SOCIAL CHANGE (or lack thereof): I was very disturbed by absolutely decrepit conditions that lower-class Americans lived in during the late 1960s; however, I am more disturbed that people believe this is no longer true in America today. Especially after the wave of hurricanes that have hit poor neighborhoods, Americans are living in equal or worse conditions than this article depicts. My heart broke as the author described how these individuals were forced to sleep bundled together in winter jackets as though outside on icy, damp wood planks. What depressed me the most was the hypos surrounding these individuals: they are so overwhelmed by poverty that the have lost any concept of self-importance and barely function as a result. Their prudence is so extreme that often times they eradicate hygienic practices that could save them from many diseases. Often times the middle and upper classes remain conveniently ignorant to the atrocities that occur in these lower-class communities. Either they have more important things to think about, like earning some extra cash or earning a master’s degree, or they have been severely desensitized by the media to disregard any sense of compassion. Our societal values have become so distorted that we care more about material possessions than we do about preserving humankind. Even writing this critique I feel hypocritical because I am sitting comfortably in my overly-heated dorm room, theorizing about human nature. Reading this article has inspired me to dedicate my break to helping those less fortunate than I, which is unfortunately a great deal of the nation. I urge all of you to do the same and make a difference over break by donating food/clothes, volunteering at food kitchens, or any numerous other acts of kindness. Too often we only focus on the poor around the holidays, but what about the rest of the year? New York is even colder in January and February than it is around Christmas time. If anyone plans to be in Buffalo over break and wants to join me in doing some volunteer work, please email me!





[Larkin Kimmerer, llk5@geneseo.edu, 12-13-07]

Deprivation: A Way of Life

It was initially hard to believe that this reading is about the United States. In a society where many families not mine have multiple TVs in one-family houses, the idea that people live in such conditions is obscene--but it seems to me that our habit of over-consumption is what is obscene, when there are places like this within our own society. One thing that absolutely struck me was the sheer apathy that came with their way of life. They didn't bother to have normal-sized doors, or keep the doors on the car where the coal was stored, or even pick up a lot of trash because it just won't help their situation in any significant way. It is a really upsetting thing to think of, like Isobel said, when we are sitting around in our houses at our laptops and eating anything we want because we have that luxury. I saw a show on MTV (speaking of material culture and overconsumption) about the richest people, and one man in Mexico makes more than $1 million an hour when you break it down. A bar in London sells a $70,000 drink made with Cristal and Cognac, that comes with a diamond ring and two bodyguards. How can people live in such excess when there are people who have, literally, nothing?! It makes me really angry, and like Isobel, I plan on doing something over break in Syracuse, so if you are in the Syracuse area and want to join me, let me know!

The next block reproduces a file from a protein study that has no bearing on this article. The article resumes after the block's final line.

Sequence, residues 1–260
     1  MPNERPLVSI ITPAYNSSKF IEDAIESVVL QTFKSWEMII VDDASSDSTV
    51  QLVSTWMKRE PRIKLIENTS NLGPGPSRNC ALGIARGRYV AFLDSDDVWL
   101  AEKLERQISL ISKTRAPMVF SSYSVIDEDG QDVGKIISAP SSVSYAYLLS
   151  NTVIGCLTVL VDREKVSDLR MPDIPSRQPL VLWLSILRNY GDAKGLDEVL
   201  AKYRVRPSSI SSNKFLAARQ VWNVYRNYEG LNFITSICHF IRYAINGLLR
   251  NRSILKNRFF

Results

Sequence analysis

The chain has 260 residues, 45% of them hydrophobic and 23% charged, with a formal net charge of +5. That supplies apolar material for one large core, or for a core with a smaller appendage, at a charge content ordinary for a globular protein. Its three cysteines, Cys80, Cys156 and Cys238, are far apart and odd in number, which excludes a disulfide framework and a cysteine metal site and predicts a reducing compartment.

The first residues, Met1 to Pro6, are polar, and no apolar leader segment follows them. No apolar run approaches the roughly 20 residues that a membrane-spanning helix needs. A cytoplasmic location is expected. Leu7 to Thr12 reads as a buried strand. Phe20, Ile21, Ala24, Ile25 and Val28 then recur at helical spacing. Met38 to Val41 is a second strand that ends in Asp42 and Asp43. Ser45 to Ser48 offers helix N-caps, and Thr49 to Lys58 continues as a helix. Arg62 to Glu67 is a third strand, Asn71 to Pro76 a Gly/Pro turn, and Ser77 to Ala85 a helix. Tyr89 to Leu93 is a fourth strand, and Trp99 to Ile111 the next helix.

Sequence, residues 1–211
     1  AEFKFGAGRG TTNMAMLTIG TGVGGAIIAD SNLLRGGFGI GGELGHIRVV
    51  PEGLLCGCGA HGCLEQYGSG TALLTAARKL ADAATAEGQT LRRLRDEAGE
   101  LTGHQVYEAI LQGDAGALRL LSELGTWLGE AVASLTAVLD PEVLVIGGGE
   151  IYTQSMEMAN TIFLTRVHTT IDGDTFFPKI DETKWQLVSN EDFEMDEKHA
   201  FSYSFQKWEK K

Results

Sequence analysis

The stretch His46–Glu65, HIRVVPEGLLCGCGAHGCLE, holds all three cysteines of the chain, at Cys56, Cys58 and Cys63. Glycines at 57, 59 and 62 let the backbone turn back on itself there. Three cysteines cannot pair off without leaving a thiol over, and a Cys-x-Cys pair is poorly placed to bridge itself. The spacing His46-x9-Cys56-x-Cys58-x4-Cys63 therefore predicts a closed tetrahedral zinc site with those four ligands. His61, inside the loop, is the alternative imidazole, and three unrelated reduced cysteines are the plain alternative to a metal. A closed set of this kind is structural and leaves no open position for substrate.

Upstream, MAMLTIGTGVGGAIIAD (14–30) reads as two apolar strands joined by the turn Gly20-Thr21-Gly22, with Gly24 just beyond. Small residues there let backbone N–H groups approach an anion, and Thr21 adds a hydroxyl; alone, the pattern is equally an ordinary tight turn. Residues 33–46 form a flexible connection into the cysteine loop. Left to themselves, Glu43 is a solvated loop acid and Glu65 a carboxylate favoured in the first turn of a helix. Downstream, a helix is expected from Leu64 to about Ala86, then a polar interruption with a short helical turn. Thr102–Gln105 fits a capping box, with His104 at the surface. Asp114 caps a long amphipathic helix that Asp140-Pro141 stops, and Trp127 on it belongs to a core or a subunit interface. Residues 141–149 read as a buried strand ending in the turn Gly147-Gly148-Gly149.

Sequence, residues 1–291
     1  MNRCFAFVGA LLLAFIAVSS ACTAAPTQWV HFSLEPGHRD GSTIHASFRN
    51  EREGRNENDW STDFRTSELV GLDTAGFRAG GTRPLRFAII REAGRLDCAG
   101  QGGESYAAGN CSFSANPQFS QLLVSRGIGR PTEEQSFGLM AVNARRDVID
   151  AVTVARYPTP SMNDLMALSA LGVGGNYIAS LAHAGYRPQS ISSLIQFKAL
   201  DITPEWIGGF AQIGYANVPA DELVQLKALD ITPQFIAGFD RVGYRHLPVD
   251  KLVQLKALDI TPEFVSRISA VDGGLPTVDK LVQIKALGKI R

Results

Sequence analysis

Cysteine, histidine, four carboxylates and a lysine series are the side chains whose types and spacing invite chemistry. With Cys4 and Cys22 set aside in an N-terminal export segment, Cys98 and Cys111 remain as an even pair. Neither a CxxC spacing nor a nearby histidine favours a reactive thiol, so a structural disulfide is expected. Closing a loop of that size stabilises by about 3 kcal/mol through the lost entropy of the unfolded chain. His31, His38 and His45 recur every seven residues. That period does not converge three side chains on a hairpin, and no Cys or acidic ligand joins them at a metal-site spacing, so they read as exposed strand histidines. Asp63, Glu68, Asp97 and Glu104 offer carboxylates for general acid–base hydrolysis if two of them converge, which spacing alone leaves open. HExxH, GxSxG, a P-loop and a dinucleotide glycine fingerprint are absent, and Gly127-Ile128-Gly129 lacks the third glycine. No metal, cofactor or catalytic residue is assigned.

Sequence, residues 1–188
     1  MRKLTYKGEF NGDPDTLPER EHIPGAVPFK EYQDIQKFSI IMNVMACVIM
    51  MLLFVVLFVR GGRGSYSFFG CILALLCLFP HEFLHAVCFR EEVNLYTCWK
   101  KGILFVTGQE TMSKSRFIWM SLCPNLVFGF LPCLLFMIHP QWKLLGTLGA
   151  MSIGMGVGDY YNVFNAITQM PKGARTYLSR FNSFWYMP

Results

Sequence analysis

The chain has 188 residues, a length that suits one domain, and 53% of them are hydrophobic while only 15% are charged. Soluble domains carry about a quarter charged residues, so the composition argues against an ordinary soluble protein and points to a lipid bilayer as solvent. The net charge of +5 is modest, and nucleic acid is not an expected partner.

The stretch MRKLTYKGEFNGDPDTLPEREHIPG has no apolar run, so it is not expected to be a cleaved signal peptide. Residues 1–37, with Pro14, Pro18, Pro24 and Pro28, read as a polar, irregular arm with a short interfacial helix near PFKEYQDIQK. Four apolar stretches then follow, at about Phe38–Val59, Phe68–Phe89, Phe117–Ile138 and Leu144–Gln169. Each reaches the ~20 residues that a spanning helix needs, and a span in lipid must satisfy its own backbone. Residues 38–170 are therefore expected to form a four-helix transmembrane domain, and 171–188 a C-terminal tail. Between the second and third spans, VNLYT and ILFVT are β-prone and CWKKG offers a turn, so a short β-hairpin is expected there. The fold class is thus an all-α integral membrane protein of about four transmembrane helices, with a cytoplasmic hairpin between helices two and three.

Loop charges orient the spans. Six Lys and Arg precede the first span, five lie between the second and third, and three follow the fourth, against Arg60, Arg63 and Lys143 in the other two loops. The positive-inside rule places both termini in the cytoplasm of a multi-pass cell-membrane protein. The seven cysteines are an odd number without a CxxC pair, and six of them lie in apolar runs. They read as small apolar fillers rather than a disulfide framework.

[Elen De Oliveira, emd10@geneseo.edu, 12/13]


It is really heartbreaking and eye opening to read about situations like this that are not only happening in the United States, but everywhere in the world. It is impossible to imagine that people have to sleep with all of their clothes on in order to try and keep warm, or that children must stay home from school for two days because that is how long it takes for their one dress to be washed and dried. We are used to having food and heat and water readily available to us whenever we should decide to use it. We waste all of these things pretty much on a daily basis and it is just really sad to realize that while we live with more than enough things, there are people out there who barely have anything at all. It is also really frustrating to realize how extreme the economy is. There are people out there making millions of dollars becuase they play a sport or becuase they can rap or act. Entertainment is important and brings joy to people, but you have to wonder how many starving families would be helped if all of these entertainers were paid even a hundred dollars less than they do. This makes me angry at myself as well for having so much and not realizing it. It is overwhelming how many people in the world are living in terrible conditions.


[Jennifer Ritzenthaler, jkr5@geneseo.edu, 12/13/07]


Environment and Politics: I think that it is shocking that a place that so closely resembles third world poverty could exist in the United States. The persistent lack of clean water, inability to achieve welfare, malnutrition, and lack of what most people perceive to be necessary amenities is not a well-known topic of discussion. In today’s politics, it is a non-issue and I have yet to hear it discussed by any politician. I was aware that there was a great deal of poverty in the Appalachians; however, I had no idea that it existed at this level. They seem to be treated as poorly as other minority groups insofar as they are institutionally discriminated against, stereotyped, and generally mistreated. More needs to be done to make other United States citizens aware of the intense poverty that is occurring in their very own country.